Home Depot net income rises in 2nd quarter; company trims revenue viewBy AP
Tuesday, August 17, 2010
Home Depot 2Q profit rises; cuts revenue outlook
NEW YORK — Hot weather kept gardeners indoors and economic uncertainty still had professional builders holding back during the second quarter, Home Depot said Tuesday.
But a modest revenue increase helped the nation’s largest home-improvement retailer’s net income to rise 7 percent.
Home Depot Inc. trimmed its revenue forecast due to lower sales expectations for the second half of the year, but it said sales so far in August have improved over July sales.
CEO Frank Blake said the company continues to see weakness in the professional segment and softer housing-related activity than predicted.
Those factors and the generally weak economy “counsel caution as we enter the back half of the year,” he said in a call with analysts.
“Instead of significant sequential improvement from the first half to the back half, we now think that the two halves (of 2010) will be similar, after adjusting for commodity price inflation,” Blake said.
Small repair and maintenance projects and simple decor continue to be the biggest sales drivers, the company said.
Rival Lowe’s Cos. cut its revenue forecast Monday, saying shoppers remain cautious. Home sales have declined after getting a boost from tax credits that expired at the end of April. Home buyers tend to spend on items such as new appliances or paint soon after moving in.
Quarterly net income rose to $1.19 billion, or 72 cents per share, from $1.12 billion, or 66 cents per share last year. Analysts polled by Thomson Reuters, on average, expected 71 cents per share.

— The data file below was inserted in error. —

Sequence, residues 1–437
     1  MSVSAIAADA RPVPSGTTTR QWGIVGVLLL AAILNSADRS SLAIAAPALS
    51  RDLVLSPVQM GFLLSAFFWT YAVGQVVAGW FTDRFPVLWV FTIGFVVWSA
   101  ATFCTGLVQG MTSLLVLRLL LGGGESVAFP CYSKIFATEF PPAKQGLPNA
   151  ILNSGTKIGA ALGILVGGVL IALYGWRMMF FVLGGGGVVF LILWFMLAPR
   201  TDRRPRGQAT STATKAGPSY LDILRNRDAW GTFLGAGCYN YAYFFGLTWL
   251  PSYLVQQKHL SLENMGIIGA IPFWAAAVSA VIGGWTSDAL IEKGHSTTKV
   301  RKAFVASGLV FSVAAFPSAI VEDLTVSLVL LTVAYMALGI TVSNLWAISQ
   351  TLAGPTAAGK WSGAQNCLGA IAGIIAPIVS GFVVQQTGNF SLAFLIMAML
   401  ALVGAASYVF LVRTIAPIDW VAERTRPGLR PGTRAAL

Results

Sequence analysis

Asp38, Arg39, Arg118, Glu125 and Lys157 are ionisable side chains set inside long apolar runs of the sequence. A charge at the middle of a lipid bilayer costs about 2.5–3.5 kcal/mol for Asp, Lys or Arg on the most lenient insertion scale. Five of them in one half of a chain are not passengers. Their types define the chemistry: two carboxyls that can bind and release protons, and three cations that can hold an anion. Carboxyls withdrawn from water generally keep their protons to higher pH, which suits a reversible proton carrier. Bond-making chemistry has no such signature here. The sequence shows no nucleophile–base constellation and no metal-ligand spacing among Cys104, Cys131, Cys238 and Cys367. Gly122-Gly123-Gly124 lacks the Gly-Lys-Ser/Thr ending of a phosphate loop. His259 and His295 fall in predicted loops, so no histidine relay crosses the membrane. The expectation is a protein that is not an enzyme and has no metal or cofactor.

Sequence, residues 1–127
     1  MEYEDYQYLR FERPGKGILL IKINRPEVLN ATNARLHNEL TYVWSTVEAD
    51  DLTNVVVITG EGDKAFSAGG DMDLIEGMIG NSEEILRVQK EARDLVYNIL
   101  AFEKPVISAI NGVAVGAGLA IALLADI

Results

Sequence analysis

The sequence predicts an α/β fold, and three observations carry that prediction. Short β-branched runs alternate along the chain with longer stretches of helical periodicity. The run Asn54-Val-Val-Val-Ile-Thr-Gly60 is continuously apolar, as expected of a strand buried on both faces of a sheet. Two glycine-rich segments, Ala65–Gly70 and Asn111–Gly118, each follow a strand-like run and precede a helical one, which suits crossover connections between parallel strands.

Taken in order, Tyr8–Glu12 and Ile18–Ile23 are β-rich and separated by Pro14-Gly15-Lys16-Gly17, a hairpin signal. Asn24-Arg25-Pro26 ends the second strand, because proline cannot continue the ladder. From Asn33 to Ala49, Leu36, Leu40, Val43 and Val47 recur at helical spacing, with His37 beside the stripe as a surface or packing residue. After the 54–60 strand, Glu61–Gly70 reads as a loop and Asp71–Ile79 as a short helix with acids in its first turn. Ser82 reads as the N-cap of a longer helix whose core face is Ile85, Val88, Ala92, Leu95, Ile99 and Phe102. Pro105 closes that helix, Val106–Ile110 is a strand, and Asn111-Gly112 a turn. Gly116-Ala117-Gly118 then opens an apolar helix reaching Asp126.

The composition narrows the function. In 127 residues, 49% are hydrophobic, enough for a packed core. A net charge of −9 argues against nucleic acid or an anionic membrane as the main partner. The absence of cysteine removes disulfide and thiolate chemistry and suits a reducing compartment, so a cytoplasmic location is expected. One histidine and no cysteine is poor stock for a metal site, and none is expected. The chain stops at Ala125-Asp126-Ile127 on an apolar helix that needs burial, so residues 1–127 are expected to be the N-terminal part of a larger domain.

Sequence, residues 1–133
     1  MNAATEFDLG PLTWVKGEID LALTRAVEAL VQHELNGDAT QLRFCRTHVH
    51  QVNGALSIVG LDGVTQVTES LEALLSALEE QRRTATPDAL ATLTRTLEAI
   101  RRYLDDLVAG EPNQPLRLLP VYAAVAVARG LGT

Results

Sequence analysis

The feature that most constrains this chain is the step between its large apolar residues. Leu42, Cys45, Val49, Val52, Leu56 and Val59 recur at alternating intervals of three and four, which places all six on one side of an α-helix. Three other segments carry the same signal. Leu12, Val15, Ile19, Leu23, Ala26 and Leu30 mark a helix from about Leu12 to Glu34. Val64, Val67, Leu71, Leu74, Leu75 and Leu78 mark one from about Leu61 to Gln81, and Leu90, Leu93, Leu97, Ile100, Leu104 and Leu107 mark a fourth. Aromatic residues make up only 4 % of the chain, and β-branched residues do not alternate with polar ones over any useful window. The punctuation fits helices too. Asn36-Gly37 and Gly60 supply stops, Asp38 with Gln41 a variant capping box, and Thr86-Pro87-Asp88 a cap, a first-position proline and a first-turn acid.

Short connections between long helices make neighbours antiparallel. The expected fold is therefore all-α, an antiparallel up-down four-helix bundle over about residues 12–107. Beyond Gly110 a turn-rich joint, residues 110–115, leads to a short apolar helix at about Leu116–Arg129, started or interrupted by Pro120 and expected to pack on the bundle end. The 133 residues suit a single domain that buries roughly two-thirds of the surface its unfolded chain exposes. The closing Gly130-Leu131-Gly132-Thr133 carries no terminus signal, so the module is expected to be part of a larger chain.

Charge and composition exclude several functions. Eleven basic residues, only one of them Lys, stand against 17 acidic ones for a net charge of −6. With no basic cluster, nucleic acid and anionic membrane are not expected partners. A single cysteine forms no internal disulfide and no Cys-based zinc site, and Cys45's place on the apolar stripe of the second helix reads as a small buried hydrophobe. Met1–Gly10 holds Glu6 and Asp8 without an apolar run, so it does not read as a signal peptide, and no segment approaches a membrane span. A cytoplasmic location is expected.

Revenue rose 2 percent to $19.41 billion from $19.07 billion last year. Analysts predicted $19.59 billion.
Revenue at stores open at least one year rose 1.7 percent worldwide and 1 percent in the U.S. It was the third consecutive quarter of gains for the key measure worldwide and the second consecutive quarter in the U.S.
Revenue at stores open at least a year is a key indicator of a retailer’s performance because it excludes growth at stores that open or close during the year.
Geographically, Florida and California continued to show improvement but the Pacific Northwest, particularly Portland and Seattle, were weaker.
The best-performing categories were lumber, electrical, lighting, plumbing, paint and hardware. Millwork, seasonal products and building material were weaker.
The average ticket remained flat at $52.30. Tickets of $900 or more, about 20 percent of Home Depot’s business, were down 5 percent during the quarter. Tickets under $50, also 20 percent of Home Depot’s business, rose 2.4 percent.
The heat in much of the country over the quarter drove sales of grills and air conditioners but kept gardeners inside, the company said.
Home Depot trimmed its revenue outlook to a 2.6 percent increase, from a 3.5 percent rise. That implies revenue of $67.9 billion. Analysts expect revenue of $68.21 billion.
The company raised its earnings forecast to account for share repurchases. It now expects net income of $1.90, up from prior guidance of $1.88 per share. Analysts expect $1.89 per share.
Shares rose 93 cents, or 3.4 percent, to close at $28.31 Tuesday.
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